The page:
Packaging for a vintage Star Trek TricorderOne of the key reasons for the iPhones’s success is its ability to run apps. What’s notable about this is that the name “iPhone” is a huge misnomer – the device so many people call a phone is not really a phone at all (even smartphone is a stretch). We think it’s one because: we bought it to replace our old mobile phone (which really was a phone); because of the “phone” part in its name; and because – yes – it is capable of making and receiving calls. But the device itself is a chameleon. It can transform into whatever the software and its inputs and outputs allow it to do.

For example, in the past if Jenny wanted an audio recording device to record counselling sessions with clients, she’d have to go and buy a tape recorder. Now instead, she simply installs a recording app on her iPhone, and the built-in microphone and storage capabilities of the device delivers the functionality she needs.

So predicting the next big advance in gadgetry becomes about how many input and output modes we can generalise into a single device, like how touchscreens and GPS were groundbreaking additions to mobile devices. Geeks everywhere are anticipating the next round of smartphones, but the rumour mill merely points to “upgrades” that improve existing technologies – faster processors, better screens and higher resolution cameras. But nothing really revolutionary…. well OK, there’s Near Field Communications (NFC), which may have the potential to transform commercial transactions, although innovation in the financial realm is generally resisted by large, incumbent institutions like banks (consider how many years it took for Paypal to become widely accepted – a scenario currently being played out again with Square, a payment system devised by the man who created Twitter).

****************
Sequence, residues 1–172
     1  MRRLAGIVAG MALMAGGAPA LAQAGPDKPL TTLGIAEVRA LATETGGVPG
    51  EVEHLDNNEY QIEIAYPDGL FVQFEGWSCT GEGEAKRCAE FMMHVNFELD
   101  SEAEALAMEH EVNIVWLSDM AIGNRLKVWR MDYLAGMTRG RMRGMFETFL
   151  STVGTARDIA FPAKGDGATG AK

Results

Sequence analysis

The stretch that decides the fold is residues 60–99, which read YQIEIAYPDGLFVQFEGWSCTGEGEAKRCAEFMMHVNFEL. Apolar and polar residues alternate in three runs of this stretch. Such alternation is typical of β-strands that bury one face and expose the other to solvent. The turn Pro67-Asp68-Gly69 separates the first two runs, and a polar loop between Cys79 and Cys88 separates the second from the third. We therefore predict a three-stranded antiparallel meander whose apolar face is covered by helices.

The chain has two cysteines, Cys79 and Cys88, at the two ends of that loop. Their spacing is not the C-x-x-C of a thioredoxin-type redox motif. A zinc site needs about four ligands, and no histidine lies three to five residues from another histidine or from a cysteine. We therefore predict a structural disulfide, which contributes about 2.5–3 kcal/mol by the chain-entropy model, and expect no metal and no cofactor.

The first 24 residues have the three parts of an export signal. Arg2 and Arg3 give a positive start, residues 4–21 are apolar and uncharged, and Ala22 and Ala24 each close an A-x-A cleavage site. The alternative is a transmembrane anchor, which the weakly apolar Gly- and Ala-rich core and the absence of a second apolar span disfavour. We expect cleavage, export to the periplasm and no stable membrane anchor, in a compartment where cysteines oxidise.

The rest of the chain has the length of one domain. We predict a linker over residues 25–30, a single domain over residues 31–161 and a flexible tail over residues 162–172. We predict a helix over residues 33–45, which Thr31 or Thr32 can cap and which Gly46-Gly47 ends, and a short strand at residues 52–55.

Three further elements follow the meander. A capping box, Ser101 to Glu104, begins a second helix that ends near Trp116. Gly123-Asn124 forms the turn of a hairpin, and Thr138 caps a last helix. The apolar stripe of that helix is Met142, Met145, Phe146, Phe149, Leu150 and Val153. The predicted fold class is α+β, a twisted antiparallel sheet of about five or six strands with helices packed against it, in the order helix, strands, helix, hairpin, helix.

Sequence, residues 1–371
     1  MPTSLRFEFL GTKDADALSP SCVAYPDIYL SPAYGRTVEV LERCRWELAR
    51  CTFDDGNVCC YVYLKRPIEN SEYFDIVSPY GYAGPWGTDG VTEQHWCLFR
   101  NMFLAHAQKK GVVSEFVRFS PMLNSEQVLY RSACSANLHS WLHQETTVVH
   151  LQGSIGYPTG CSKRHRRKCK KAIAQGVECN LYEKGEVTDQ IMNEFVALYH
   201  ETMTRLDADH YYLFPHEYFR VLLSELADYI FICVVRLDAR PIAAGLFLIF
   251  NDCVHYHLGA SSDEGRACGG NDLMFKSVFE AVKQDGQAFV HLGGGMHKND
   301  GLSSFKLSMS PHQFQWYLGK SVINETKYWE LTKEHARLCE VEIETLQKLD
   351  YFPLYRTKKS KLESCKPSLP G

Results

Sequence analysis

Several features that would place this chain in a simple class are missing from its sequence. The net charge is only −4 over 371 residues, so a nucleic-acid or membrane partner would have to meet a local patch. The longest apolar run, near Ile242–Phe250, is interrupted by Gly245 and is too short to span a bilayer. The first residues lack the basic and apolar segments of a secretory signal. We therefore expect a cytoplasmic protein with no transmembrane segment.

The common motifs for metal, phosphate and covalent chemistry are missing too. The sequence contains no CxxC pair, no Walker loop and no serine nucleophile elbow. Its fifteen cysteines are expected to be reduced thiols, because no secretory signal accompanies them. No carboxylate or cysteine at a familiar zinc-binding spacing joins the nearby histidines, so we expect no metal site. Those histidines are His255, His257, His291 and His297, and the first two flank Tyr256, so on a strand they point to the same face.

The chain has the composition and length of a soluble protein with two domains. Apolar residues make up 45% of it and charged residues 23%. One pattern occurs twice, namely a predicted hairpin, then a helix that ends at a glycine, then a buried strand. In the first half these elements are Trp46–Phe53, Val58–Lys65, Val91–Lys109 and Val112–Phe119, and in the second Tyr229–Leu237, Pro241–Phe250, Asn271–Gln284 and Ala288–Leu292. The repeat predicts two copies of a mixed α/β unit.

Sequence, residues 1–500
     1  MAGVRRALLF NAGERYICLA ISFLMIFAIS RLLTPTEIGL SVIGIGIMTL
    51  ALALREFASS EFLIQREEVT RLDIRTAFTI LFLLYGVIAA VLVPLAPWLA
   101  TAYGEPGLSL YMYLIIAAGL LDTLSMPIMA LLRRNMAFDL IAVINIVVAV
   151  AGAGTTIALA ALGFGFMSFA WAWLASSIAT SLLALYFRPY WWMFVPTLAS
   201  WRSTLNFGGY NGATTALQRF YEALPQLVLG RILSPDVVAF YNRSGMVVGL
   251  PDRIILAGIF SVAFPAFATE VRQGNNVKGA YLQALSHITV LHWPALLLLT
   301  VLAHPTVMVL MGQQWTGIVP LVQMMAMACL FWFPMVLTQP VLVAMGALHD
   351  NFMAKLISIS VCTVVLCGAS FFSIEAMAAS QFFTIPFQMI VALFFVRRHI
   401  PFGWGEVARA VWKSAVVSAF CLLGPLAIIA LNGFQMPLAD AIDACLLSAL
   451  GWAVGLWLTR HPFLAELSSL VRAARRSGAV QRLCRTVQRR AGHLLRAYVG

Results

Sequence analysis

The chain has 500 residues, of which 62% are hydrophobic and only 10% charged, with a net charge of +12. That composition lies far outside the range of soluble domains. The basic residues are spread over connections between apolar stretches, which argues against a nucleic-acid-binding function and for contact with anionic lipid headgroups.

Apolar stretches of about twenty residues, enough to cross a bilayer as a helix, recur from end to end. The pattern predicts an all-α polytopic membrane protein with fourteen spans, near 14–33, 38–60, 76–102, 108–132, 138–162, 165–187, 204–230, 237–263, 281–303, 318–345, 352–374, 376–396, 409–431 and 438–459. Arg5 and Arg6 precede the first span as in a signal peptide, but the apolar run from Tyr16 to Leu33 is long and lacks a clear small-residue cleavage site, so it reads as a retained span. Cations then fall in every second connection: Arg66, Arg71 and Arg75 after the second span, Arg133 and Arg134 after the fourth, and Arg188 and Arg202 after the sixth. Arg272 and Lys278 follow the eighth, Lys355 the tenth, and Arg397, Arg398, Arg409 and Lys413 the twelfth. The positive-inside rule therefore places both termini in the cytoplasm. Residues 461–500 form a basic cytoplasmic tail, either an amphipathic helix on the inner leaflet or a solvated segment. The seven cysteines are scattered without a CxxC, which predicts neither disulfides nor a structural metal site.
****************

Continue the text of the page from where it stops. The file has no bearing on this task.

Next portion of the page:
Really, we may already know what the future of handheld devices look like. Just as the Apple Newton might have paved the way for the iPhone (although one would be drawing a long bow to suggest that they could’ve predicted one from the other), technologies that already exist today give us glimpses into upcoming devices. Pointing the way are the tricorders from the fictional Star Trek universe – for which there’s now an X Prize on offer to the first group that is able to successfully develop one – and of course that old McGuffin, Dr. Who’s sonic screwdriver.

The question comes down to need. If you could carry it in your hand, what would your ideal mobile device include?